In Water, Steven Solomon offers the first-ever narrative portrait of the power struggles, personalities, and breakthroughs that have shaped humanity from antiquity's earliest civilizations through the steam-powered Industrial Revolution and America's century. Meticulously researched and masterfully written, Water is a groundbreaking account of man's most critical resource in shaping human destinies, from ancient times to our dawning age of water scarcity.
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I would like to stress to all parents and teachers of eighth or ninth grade students to have the students read this book for a very clear primer about world history. If this book cannot be part of a school class then it should be encouraged to be read during the summer break and a report made on it at the beginning of the ninth grade.
Learning about the value of water is important but what this book explains in terms of historical relevance from 3,000 BCE to today will make future history and social study classes much easier to learn. The student will learn why societies built up near rivers and lakes, why ocean located cities grew and expanded over inland or land locked societies. How managing water impacted technical advances in a society over another.
The holidays are near get Water as a present for that 13 or 14 year child, grandchild, or young person you want to mentor.
I don't know the author and am not his agent. But I have simple advice for you.
Buy this book. Read this book. And give thanks that such a stunning book was published.
This was an excellent and entertainingly-written book about an increasingly crucial subject. As the author points out, water is heavy, difficult to purify and transport, and yet amazingly crucial to the everyday activities of everyone everywhere. Therefore a society's sophistication in dealing with water is indeed a fair measure of its overall capabilities and priorities. While in my opinion the author stretches this point a little here and there, it's for the most part a valid one. In my own case, I found the sections on the politics of water most fascinating and informative of all.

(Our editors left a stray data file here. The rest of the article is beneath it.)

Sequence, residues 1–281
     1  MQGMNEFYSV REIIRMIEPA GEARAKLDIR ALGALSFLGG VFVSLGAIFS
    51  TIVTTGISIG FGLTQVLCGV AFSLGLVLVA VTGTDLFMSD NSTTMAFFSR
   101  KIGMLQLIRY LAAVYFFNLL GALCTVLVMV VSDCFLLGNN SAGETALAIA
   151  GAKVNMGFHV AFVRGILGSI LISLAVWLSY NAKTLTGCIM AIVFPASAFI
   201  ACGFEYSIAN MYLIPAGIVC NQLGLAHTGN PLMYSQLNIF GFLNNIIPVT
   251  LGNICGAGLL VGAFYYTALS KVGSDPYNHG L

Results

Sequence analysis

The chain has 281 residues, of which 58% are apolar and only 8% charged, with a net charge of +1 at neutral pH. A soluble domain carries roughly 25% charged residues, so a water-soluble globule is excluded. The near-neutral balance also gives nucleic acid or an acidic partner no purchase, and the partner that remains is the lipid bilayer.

The extent to which the ancients engineered water supplies and depended on these efforts was new to me, as I would expect it to be to the vast majority of readers. It is surprising to see how far back in history human manipulation of rivers and wetlands reaches, as well as the scale of some of these projects. It is also surprising to see how far back in history environmental damage, and economic repercussions, can be documented from some of these projects.
The book follows history to the present day, covering modern dam-building, water for power generation, and even efforts to restore the drained wetlands of the Florida Everglades.
Negatives: There are a few passages in Chapter 3 where the timelines confused me and I needed to resort to the Internet for clarification. There are several chapters on control of ocean shipping lanes which seem more about transportation and military history, somewhat tangential to the primary focus of the book.
Overall, the book is clearly written, informative, and comprehensive. I enjoyed reading it and learned a great deal. I'd recommend the book for anyone interested in history, particularly economic or environmental history, no technical background required. The book would provide a good historical context for an introductory course on environmental policy. Another reviewer has recommended the book for high school students, and I concur. I could see the relevant chapters from this book supporting high school or undergraduate courses on ancient history, the industrial revolution, and other periods, as well as giving some historical context to an earth science course.